How mainstream science students experience learning about Indigenous science



Cultural competence, Ways of knowing, Reflection


A mixed methods approach was used to understand the experience of mainstream science students completing an elective interdisciplinary science unit “Indigenous Science: Science through the eyes of Australia’s First Peoples”. Post an introductory two weeks focused on Indigenous cultural competency in a science context, we looked at student reflections on learning (n = 72). We combined this with a quantitative instrument to look at students’ impressions on Indigenous issues pre/post the unit as an indication of changes in attitudes (Bodkin-Andrews, Page, & Trudgett, 2019). Lastly, this was paired with an instrument to evaluate the presence of Indigenous opinions, works and voices that the students perceived to be part of the class.

Analysis of the reflections shows a high number of students including negative emotions in their reflections. We also see a high number of students planning to become more familiar with Indigenous issues and literature in order to improve their understanding. Often this is coupled with an understanding that they need to upskill before interacting with community in order to have a higher baseline competency on Indigenous issues. We will present the detailed interactions of themes across the different aspects of the reflection and what it means for those working to teach in this space.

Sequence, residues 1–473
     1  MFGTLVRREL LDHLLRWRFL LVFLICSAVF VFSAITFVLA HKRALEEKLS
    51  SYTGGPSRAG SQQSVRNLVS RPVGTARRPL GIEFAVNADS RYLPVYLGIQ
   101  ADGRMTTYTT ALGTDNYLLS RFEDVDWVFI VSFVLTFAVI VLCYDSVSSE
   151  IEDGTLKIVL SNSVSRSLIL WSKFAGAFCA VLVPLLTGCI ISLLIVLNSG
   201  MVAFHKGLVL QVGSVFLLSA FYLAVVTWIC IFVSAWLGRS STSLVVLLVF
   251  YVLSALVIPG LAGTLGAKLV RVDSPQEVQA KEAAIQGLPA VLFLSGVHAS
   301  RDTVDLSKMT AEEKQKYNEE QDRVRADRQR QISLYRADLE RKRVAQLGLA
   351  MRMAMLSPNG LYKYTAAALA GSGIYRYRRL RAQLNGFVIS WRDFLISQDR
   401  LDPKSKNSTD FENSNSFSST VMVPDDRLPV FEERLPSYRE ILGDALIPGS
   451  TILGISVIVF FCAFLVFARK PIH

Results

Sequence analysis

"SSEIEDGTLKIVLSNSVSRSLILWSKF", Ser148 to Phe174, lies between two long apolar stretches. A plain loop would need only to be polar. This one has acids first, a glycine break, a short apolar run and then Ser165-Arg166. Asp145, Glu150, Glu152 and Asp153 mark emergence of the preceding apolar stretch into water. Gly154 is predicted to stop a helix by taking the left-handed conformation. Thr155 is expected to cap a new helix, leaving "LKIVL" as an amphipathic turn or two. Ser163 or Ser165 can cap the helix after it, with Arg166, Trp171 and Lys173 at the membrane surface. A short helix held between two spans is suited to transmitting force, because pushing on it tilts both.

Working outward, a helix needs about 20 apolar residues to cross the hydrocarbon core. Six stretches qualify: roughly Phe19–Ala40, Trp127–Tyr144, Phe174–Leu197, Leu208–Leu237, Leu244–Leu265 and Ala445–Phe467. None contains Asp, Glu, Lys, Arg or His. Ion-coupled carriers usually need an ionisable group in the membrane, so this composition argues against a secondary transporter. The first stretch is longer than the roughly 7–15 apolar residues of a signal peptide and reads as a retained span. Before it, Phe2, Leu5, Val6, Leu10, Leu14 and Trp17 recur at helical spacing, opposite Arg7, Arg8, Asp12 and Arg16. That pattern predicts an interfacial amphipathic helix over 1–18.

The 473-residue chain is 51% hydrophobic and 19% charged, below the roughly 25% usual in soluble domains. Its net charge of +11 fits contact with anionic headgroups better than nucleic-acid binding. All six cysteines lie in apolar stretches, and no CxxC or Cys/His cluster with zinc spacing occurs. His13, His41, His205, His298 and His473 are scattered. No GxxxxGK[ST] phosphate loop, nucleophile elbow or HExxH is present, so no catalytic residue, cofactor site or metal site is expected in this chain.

Bodkin-Andrews, G., Page, S., & Trudgett, M. (2019). Working towards accountability in embedding Indigenous studies: Evidence from an Indigenous Graduate Attribute evaluation instrument. Australian Journal of Education, 63(2), 232-260.  

Author Biographies

Angela Ziebell, Deakin University

Senior Lecturer, School of Life and Environmental Sciences, Faculty of Science Engineering and the Built Environment

Charisse Reyes, Monash University

PhD student, School of Chemistry, Faculty of Science

Paris Beasy, Monash University

Faculty of Science